Oliver was right about one thing: the system isn’t currently broken. But it is likely to run off track if we don’t take extreme action now to change the incentive structure for ISPs, who are monopolies just looking to maximize profits. Maybe a new rant is in order, John, and your “pretties” need to be made to fly once again — this time armed with the whole story.

The Deleted Section From My NHL.com Long Read

On Sunday, the NHL’s website published my long read on the place of analytics in hockey and why they are so critical. As you know if you read it, it contained a lot of material, and good for you if you managed to understand it all. It was the product of months of revising and editing, and in the end a complete section needed to be cut. I made the decision to cut that section – which focussed on evaluating defense – in order to add substance to the other sections, and because I didn’t think it entirely fit. Here is that section:

EVALUATING DEFENSE WITH ANALYTICS

Evaluating defense is an area in which analytical findings have helped to shape perception. Conventional analysis dictates that the best players at preventing goals do so through proper positioning, good stick-work, blocking shots and hitting the opposition. Those things can be important when the other team has the puck, of course, but they don’t paint a full picture of a player’s effectiveness at preventing goals.

Phoenix Coyotes Coach Dave Tippett once discussed a particular issue he was having in analyzing his defensemen, while he was coaching in juniors.

“We had a player that was supposed to be a great, shut-down defenseman. He was supposedly the be-all, end-all of defensemen. But when you did a 10-game analysis of him, you found out he was defending all the time because he can’t move the puck.

 Then, we had another guy who supposedly couldn’t defend a lick. Well, he was defending only 20 percent of the time because he’s making good plays out of our end. He may not be the strongest defender, but he’s only doing it 20 percent of the time. So the equation works out better the other way. I ended up trading the other defenseman.”

Tippett was ahead of his time in thinking about defending in a completely different way. A player that has the puck is contributing both on offense and defense at the same time. So a player can be below average without the puck in his own end, but still wind up better at preventing goals than a traditional defensive defenseman.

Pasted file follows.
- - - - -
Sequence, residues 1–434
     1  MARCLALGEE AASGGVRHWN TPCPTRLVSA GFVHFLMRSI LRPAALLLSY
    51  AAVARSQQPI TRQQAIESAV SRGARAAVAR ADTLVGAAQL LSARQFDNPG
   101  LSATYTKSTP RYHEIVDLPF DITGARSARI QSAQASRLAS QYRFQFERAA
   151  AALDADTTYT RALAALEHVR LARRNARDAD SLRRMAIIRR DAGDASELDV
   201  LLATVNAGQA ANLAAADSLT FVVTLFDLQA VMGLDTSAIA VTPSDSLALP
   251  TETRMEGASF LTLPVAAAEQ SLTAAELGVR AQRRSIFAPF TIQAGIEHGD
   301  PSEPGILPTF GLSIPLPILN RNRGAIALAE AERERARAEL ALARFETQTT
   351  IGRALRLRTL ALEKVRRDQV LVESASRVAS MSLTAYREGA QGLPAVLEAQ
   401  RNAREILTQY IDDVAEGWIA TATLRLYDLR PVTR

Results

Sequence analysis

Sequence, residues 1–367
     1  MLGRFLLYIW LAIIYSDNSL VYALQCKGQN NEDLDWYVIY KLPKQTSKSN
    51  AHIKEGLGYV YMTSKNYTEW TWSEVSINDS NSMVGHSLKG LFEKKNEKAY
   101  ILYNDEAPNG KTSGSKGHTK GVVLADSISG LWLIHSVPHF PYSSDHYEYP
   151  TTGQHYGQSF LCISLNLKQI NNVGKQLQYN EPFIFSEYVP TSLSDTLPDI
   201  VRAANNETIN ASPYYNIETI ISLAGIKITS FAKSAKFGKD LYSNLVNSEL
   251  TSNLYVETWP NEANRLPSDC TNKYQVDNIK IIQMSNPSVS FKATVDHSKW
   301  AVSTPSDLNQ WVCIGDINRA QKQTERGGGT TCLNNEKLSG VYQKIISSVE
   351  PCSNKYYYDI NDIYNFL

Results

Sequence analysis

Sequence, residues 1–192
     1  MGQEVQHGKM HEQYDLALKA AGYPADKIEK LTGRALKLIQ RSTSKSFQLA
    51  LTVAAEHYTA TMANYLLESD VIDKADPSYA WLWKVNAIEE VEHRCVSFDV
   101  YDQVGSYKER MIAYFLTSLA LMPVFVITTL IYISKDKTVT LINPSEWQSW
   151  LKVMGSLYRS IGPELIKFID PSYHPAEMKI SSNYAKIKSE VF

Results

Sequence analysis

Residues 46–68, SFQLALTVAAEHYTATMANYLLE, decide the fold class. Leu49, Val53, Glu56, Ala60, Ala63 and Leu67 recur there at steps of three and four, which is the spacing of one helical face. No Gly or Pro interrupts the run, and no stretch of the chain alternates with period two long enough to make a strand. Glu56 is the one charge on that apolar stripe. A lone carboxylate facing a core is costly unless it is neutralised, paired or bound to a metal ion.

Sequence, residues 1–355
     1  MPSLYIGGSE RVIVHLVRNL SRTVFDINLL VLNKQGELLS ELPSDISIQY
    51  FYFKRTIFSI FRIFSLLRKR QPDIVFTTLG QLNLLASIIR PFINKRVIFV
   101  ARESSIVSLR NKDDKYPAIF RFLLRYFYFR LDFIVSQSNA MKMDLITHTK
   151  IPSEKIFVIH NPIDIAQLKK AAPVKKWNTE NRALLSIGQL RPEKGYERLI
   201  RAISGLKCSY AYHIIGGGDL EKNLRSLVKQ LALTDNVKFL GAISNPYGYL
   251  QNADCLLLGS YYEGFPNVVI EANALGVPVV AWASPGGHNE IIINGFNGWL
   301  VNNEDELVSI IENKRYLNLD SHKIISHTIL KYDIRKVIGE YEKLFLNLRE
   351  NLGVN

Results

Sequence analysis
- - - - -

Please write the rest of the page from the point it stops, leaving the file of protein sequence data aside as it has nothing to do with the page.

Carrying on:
“Defense is the sum of actions that reduce the number of shot attempts your team surrenders over the course of a game,” explained Stephen Burtch of Sportsnet.ca.

“This can take numerous forms (breakouts, cycling, pinching) that involve a player’s team being in possession, and that may or may not translate to offense. But they definitely translate to fewer chances for the opposition which arguably makes them defensive skills and not offensive.”

The ability to keep the puck out of the defensive zone becomes especially critical when considering the role of randomness. When a player spends time in his own end, he opens up the possibility of a seeing-eye shot, or a deflection, or a fluky bounce, or just a perfect placement, resulting in a goal against. No matter how good that player — or even an entire team — might be at defending, over large samples the opposition will find holes, take advantage of lapses, and inevitably win games. Watching a player block shots and seal off passing lanes may mislead a viewer to presume that said player is having a positive effect. But playing in the defensive zone means putting yourself at the mercy of randomness. The saying that “the best players make their own luck” is true because the best players spend as little time as possible in their defensive zone, limiting shots against and thus the potential for pucks to find their way into the net.

Basing defensive evaluations mostly on defensive zone play is a flawed practice, as has been demonstrated through an analysis of years of data. Traditions die hard, however, and beliefs that conflicts with what parents, coaches, and television personalities have taught us about the sport for decades are generally dismissed.

 

AP Hockey Story of the Day: February 15 – Appreciating a Great Blog